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The Brooklyn Rail

NOV 2021

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NOV 2021 Issue
Poetry

five


Reading Notes



I don’t know
 what I’m reading.
I keep reading.
 I don’t ask myself


what I’m reading.
 I’m the last person
to know
 what I’m reading.


I’m sitting at the center
 of the paragraph.
Everyone else
 is talking.


I’m reading.
 But I can’t tell you
what it’s like.
 Some like to know


what they’re reading.
 But I’m reading.
They’re talking.
 I don’t know


what anyone is saying.
 I don’t know
what it means
 to say I’m reading.









I Used to Live on a Cloud



I used to live on a cloud, call it Earth.
They still live on a planet, call it Seventh Heaven.
Now, after Earth’s demise, I live on
the International Space Station, a volunteer,
flossing the teeth of astronauts. If anyone
had told me this was to be the sum total
of my days, I would have tried to forget.
All I’ve forgotten can be summarized by one phrase:
all the things I’m trying to repress.


On the space station, there’s one school,
a for-profit pre-K-to-college establishment
called Nostalgia. They teach what they used to teach
on Earth, including all the wars the teachers
can remember. A nice name for a warship
would be “Death and Destruction.” Or “Little Ducky.”
My daughter can identify the blue bus,
the green bus, and the yellow bus, reserved
for schoolboys and girls. As we waited for the bus,
and as we waited some more,
she said, “Bus, come.” She held her palm
to the heavens and closed her fist to mime
what she had said in words.


I used to live on a cloud, call it Cirrus
Above Kansas. They still live on a planet,
call it Universal Prayer for Redemption.
In France, the doctor swiped my credit card.
In America, it’s done by drone.
After the west end of town became further west,
Wildcat Creek Road turned from country by-lane
to city ring road, and an aspiring vintner
decided Kansas needed a vineyard right there.
My father lives next door in his eco-house on the prairie.
He gets a flat tire every month. His property
borders the fort, and every so often he opens the garage
to see an attack helicopter hovering above
the barbwire that marks his relation to the military.


The junco has laid four eggs in between
our rows of lettuce. I told Jane it’s a junco,
and she looked it up online, spelling it
with a “k.” Friday I got a text, “You’re a g-pa!
Two eggs hatched!” And I texted back,
“I’m scared.” One M.O. for living is avoid
the center, linger in the periphery,
and inhabit the foreign. One person said
she sleeps only four hours a night, I consider
a good lifestyle napping every day.
It’s not so strange to make routine and frequent
bad decisions: driving in Los Angeles shows you as much.


When I got home to Earth, I went straight
to my favorite horizon. I left the study room
because a man wouldn’t stop picking his nose.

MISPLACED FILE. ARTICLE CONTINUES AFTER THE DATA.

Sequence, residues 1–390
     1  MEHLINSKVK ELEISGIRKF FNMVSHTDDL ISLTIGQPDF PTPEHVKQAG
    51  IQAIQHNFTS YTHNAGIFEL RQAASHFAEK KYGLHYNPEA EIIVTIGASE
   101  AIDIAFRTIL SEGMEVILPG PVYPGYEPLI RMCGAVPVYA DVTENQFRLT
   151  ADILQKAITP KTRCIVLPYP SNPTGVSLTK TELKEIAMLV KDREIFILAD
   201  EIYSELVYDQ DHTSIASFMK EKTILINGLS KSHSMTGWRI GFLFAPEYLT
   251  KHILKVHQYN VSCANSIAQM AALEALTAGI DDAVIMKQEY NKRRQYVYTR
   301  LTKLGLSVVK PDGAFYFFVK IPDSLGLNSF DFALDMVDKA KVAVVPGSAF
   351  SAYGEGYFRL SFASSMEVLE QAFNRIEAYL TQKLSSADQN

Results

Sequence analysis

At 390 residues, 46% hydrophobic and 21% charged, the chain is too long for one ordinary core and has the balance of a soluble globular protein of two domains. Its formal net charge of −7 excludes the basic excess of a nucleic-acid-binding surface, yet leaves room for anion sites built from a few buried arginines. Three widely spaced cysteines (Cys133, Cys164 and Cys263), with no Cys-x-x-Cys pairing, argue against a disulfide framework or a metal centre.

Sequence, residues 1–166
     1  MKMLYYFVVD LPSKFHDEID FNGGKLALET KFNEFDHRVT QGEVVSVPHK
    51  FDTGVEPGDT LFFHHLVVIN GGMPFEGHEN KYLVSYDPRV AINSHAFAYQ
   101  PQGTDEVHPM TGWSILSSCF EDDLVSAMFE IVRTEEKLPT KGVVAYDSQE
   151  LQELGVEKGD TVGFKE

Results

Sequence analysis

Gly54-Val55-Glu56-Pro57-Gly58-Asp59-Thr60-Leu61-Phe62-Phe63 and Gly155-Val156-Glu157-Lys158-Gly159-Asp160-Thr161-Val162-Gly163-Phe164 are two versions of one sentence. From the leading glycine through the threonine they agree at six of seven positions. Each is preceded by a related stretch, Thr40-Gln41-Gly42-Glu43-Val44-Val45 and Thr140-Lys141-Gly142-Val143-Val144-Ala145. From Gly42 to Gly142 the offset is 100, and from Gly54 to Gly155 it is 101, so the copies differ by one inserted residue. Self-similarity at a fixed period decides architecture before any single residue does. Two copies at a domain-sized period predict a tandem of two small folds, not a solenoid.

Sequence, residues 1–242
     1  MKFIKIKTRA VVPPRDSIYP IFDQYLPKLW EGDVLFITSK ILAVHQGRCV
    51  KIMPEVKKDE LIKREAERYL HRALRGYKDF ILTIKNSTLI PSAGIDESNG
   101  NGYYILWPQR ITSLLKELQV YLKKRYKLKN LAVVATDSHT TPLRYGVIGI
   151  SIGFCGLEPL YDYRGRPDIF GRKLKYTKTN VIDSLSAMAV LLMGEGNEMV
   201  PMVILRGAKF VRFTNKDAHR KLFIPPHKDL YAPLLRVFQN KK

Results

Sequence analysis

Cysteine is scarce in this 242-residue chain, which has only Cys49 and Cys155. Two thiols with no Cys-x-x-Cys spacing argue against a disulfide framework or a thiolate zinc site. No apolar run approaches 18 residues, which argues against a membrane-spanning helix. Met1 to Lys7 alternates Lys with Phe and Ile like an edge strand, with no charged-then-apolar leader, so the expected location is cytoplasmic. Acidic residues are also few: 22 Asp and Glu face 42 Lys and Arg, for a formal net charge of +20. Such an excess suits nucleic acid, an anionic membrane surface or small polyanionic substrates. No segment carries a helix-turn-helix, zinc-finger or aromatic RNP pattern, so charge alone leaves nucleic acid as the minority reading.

I left the study room because a man started
drinking coffee. I left the study room because
a man continued to clear his throat for an hour.
I read an entire book of poetry on the weather.
The gist was difficult to fathom, but it made me think
of when I was a boy in England and how the dense,
dark clouds would roll over the hills and our little
Roman garden bordering the horse fields.


Those days were good, though I wanted
nothing to do with swim class: it was wrong
for grown people who may/may not have known
how to swim to instruct children who didn’t want to swim
and didn’t want to learn how to swim. My friends
were named Robert, Alex (a girl), and Guy,
who had a little brother named Matthew.
No idea what they are like now.


Jane said it was amazing the juncos
would leave the nest in two weeks, then
would know how to build their own nests in a year:
who did they learn it from? My mother thinks
there are lessons to be learned from life.
She goes on all available historical tours.
People like my mother, but she feels insecure
about not knowing the difference between semi-colons and colons.


In Un barrage contre le Pacifique, the mother is
as mean as they come. She was tricked into leaving
for the colonies by posters saying, “Young people,
come to the colonies, fortune awaits you!”
These mottos were accompanied by visuals of
a colonial couple dressed in white sitting
in rocking chairs beneath banana trees overflowing
with fruit, a group of natives standing by smiling.
The narrator adds that the father, dead
by the novel’s start, loved books by Pierre Loti!


Before you say life isn’t pedagogic, think about
how relationships go wrong: it becomes a series
of implicit or explicit “shoulds”
intended to teach the partner how to be
a decent human. In my dream, I was in Nicaragua
for a state event, the ragtag President
was looking from the precipice into a ravine